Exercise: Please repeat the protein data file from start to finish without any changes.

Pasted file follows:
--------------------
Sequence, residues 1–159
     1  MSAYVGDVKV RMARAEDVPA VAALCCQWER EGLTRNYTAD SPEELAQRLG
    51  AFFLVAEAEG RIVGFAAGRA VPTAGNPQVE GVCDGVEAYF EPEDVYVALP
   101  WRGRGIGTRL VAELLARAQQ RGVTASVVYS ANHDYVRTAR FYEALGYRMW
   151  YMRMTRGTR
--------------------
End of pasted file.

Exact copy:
Sequence, residues 1–159
     1  MSAYVGDVKV RMARAEDVPA VAALCCQWER EGLTRNYTAD SPEELAQRLG
    51  AFFLVAEAEG RIVGFAAGRA VPTAGNPQVE GVCDGVEAYF EPEDVYVALP
   101  WRGRGIGTRL VAELLARAQQ RGVTASVVYS ANHDYVRTAR FYEALGYRMW
   151  YMRMTRGTR